With some trepidation (but no doubt about its merits), we offer the Rome mosque, the largest mosque in Europe, as #24 in Rome the Second Time's Top 40. It's a magnificent structure, with some interesting controversy in its planning (why wouldn't there be, with an enormous Muslim landmark in the center of Catholicism's spiritual and administrative and, in every other way, home?).
I loved it instantly. I think Bill took some warming, including some high praise by Ingrid Rowland in a New York Review of Books article on Tiepolo where she devotes substantial coverage to the mosque's architect, Paolo Portoghesi (Bill wrote about this in his January 2 blog - here's the link to it: http://romethesecondtime.blogspot.com/2010/01/italy-on-surface.html).
Rather than repeat everything I said last June, I'll supply the link to the June 27, 2009 post below, and add a few new comments.
While our primary interest in the mosque is architectural, the religious issues are intriguing as well. One author claims the gorgeous, massive mosque is deserted, abandoned for other, smaller, more active mosques (http://www.islamonline.net/servlet/Satellite?c=Article_C&pagename=Zone-English-News/NWELayout&cid=1228244896427). But another argues that the imam at the main Rome mosque is preaching jihad (http://chiesa.espresso.repubblica.it/articolo/6953?eng=y). Both articles are linked here. You be the judge.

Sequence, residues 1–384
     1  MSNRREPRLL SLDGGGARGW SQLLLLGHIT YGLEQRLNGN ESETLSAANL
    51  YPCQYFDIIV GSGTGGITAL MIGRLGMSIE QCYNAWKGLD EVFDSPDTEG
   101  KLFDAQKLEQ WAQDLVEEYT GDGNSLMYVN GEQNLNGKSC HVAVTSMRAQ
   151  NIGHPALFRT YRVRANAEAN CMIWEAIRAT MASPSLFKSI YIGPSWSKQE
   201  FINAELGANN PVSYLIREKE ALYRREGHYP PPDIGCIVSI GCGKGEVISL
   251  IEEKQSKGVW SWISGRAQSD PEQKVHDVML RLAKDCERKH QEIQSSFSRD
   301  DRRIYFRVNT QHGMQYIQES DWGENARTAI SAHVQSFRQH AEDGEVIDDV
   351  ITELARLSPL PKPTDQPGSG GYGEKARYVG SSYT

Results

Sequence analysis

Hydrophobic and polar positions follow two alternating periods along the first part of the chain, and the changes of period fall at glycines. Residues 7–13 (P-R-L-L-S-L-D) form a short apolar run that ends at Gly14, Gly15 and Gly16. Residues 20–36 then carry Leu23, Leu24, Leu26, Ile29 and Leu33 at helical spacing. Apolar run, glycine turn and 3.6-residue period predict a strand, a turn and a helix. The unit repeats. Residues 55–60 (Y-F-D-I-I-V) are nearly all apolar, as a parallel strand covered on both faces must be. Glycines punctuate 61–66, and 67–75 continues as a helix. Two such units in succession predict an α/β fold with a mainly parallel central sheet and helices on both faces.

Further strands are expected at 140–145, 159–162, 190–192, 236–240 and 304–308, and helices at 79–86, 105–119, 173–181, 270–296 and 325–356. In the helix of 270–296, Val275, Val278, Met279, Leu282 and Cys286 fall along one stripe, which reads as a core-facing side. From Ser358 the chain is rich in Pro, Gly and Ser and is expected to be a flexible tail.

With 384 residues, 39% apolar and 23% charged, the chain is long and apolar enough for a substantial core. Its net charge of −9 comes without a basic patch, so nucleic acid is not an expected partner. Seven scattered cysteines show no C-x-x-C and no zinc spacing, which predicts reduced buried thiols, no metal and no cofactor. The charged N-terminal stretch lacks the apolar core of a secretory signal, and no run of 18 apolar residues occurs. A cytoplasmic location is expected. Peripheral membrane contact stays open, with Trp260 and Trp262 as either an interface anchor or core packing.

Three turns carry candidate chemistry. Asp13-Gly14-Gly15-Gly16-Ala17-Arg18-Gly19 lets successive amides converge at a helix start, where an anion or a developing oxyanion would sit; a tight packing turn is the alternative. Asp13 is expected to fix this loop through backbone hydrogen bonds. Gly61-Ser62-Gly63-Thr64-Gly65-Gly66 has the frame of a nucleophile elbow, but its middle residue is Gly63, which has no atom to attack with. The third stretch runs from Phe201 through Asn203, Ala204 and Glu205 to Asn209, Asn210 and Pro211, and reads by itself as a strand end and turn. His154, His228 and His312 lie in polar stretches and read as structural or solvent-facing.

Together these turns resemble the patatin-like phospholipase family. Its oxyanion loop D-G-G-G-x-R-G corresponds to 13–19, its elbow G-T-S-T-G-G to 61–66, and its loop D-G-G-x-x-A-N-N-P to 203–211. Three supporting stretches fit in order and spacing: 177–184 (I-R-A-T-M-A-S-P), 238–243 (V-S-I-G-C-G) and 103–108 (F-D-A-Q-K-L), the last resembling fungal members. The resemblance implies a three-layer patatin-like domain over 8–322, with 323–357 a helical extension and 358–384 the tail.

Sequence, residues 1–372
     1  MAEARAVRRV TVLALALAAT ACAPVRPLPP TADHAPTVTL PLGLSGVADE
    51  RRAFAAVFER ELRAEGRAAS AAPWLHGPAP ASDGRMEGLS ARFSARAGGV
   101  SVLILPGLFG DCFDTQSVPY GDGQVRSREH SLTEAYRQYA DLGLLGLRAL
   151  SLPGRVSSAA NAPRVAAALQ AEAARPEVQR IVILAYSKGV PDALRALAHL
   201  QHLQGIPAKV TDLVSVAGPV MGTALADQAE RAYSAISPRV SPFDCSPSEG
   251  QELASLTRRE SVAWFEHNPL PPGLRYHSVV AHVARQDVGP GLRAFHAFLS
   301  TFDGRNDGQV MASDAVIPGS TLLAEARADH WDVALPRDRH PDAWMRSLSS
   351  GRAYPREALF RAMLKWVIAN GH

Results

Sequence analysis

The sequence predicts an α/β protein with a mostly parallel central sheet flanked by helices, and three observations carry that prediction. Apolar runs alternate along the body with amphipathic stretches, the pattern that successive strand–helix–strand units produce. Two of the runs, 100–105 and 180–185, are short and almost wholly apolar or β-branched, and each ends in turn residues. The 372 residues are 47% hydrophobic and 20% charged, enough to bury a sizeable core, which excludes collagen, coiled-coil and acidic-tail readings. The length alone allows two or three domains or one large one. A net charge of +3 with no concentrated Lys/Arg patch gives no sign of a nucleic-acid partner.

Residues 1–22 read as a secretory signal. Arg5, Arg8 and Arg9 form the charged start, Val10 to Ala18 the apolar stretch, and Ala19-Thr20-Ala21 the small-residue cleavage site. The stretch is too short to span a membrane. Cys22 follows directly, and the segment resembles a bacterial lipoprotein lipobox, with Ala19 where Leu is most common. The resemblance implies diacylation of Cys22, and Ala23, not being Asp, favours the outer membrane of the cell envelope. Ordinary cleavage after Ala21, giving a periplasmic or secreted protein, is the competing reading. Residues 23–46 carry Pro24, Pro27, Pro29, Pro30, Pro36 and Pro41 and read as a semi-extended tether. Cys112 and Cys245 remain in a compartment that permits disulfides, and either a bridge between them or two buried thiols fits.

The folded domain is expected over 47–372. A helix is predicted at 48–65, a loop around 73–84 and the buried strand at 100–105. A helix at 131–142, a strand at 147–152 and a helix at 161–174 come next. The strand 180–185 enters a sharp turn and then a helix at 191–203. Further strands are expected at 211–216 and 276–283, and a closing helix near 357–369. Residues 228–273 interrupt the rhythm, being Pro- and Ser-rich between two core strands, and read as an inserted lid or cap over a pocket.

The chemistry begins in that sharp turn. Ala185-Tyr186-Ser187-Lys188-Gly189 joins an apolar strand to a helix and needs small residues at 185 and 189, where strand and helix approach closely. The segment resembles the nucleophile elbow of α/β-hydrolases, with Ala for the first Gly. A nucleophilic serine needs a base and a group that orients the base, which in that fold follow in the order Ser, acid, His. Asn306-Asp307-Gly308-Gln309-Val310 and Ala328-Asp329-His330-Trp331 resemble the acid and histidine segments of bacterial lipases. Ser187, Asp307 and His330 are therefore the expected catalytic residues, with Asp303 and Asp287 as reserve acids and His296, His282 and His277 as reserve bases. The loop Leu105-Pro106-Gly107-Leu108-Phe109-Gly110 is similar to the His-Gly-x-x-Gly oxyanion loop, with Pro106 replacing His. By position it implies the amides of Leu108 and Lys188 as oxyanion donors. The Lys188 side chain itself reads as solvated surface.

In any event, a visit is definitely in our Top 40. Just remember visiting hours for non-Muslims are limited - Wednesday and Saturday 9-11:30; women MUST wear head coverings. And, Fridays are the most active days, including the market outside the mosque gates - for everyone.
Here's the link to the earlier post: http://romethesecondtime.blogspot.com/2009/06/europes-largest-mosque-in-rome.html, which includes directions at the end and many more photos.
The trepidation I mentioned at the beginning derives from the traffic our blog gets from surfers who seem highly interested in "mosque", but not so much in Rome. We're not exactly anxious to set them off again! But we can't fail to put this wonderful 20th-century architectural statement in Rome the Second Time's Top 40.